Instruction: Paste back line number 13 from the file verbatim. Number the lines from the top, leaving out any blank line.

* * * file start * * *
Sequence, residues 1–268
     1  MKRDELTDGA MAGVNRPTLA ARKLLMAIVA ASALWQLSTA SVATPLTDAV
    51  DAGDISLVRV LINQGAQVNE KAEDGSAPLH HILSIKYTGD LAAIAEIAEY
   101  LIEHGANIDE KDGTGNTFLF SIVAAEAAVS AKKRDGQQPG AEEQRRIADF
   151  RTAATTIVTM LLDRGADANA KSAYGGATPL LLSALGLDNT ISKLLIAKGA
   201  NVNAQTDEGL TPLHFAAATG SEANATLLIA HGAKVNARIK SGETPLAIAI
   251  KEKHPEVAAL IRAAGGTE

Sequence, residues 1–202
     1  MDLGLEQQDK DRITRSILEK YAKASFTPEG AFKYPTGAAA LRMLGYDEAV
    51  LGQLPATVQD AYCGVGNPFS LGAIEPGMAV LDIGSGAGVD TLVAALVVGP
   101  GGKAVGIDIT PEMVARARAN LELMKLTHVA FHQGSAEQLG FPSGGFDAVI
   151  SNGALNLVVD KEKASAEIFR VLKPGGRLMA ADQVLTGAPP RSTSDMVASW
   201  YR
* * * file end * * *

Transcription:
   201  YR